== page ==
Peace talks aimed at resolving Burundi’s year-long political crisis began on Saturday in the Tanzanian city of Arusha.
Some major opposition groups were however absent at the start of the talks.
Government officials, representatives of civil society and representatives of some opposition parties started the talks facilitated by the six-state East African Community.
Burundi’s Foreign Minister Alain Nyamitwe, said: “Our government was willing and open to talk with all political actors who are peaceful. If you go by the international organization’s pronouncements on Burundi, both have come up with a clear indication as to which category of people should be around the table and those ones have to be peaceful. We’re not making that up. It’s in resolutions 32, 48 and 2279.”
Some civil society groups however accused the authorities of deliberately complicating the talks in order to cling to power.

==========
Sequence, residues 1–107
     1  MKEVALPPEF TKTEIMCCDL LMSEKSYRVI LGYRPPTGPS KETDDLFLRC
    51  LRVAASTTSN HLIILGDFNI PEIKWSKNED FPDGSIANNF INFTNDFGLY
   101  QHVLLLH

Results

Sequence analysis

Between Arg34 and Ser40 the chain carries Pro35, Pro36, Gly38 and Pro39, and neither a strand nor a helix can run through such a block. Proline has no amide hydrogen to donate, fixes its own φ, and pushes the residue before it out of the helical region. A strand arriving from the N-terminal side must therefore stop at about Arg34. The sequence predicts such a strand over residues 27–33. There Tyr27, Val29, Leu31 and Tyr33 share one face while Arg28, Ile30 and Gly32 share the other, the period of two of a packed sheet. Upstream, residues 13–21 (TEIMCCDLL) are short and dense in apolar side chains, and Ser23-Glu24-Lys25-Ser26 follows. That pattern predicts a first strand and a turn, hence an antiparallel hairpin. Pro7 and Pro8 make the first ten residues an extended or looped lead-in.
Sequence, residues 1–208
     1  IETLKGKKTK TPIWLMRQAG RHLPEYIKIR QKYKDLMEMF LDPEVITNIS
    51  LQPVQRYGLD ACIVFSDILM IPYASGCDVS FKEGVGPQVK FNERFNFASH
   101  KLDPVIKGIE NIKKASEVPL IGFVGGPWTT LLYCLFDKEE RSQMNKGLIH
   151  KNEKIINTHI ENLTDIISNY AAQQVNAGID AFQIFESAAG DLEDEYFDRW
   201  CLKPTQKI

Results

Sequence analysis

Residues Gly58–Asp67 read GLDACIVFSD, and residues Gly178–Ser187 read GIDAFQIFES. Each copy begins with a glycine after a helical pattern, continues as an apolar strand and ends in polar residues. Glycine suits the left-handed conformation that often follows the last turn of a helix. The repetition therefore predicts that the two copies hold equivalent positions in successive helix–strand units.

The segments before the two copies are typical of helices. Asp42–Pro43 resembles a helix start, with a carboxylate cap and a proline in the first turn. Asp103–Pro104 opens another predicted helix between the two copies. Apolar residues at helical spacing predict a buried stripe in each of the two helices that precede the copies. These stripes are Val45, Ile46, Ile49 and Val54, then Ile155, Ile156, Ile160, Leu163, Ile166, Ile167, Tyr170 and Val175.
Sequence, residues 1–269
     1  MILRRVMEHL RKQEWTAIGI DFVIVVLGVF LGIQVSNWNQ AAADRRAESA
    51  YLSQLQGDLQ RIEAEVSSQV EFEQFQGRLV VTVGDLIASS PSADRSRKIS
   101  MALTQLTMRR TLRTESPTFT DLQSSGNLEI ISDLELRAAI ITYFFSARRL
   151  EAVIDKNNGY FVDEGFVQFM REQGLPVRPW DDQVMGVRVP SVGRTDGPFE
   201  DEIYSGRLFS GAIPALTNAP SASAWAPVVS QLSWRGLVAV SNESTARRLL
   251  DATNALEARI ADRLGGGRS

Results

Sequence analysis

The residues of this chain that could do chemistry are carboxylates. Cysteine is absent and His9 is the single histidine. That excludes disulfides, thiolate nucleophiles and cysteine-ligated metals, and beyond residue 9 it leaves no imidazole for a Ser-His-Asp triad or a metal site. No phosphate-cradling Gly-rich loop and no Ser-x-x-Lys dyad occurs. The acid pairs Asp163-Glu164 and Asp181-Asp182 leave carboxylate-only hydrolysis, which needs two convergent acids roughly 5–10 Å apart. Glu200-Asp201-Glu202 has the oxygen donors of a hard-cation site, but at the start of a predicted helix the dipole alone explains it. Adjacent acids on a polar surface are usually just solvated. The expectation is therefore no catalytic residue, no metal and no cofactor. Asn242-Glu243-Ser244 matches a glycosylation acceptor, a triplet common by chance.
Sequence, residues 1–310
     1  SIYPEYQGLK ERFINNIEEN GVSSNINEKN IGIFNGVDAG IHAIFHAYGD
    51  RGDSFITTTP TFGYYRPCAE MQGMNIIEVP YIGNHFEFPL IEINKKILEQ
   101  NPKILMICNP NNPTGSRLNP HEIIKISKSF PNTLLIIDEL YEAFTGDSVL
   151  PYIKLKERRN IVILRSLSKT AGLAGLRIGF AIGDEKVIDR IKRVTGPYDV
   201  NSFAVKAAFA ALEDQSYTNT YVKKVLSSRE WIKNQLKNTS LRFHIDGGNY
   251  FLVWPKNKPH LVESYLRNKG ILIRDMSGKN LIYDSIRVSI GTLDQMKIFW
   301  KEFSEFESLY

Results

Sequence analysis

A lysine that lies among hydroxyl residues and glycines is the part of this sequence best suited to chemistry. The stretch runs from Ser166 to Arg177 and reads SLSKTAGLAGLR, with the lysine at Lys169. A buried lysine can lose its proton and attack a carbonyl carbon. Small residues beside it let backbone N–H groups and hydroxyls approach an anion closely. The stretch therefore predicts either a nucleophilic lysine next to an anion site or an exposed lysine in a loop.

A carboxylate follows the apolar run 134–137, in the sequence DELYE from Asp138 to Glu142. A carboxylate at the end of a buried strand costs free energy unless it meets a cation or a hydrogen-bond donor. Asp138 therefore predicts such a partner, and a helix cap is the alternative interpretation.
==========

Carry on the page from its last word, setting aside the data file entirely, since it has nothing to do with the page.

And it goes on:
“The government doesn’t want to talk, and they said that ‘we don’t come to Arusha.’ So they came to Arusha because the facilitation is on their side and the opposition is not here.That’s a big problem.” a member of the opposition said.
Burundi was thrown into crisis when President Pierre Nkurunziza announced that he would seek re-election in April last year.
Scores of Burundians have since fled the country with many more still crossing the border into Tanzania daily, according to the UNHCR.